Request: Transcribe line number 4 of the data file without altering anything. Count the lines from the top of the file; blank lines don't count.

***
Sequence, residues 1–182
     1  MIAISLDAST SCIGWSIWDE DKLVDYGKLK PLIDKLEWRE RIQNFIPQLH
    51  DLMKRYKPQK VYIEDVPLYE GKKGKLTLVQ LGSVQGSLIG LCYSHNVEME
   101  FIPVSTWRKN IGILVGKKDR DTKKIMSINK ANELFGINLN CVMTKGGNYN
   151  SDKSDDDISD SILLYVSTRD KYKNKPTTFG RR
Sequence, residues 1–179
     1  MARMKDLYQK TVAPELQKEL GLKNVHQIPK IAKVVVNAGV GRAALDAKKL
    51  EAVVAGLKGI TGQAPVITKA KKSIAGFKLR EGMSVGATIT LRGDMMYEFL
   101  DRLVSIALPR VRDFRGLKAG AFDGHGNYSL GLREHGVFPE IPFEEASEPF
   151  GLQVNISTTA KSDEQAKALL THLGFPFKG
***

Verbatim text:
   101  FIPVSTWRKN IGILVGKKDR DTKKIMSINK ANELFGINLN CVMTKGGNYN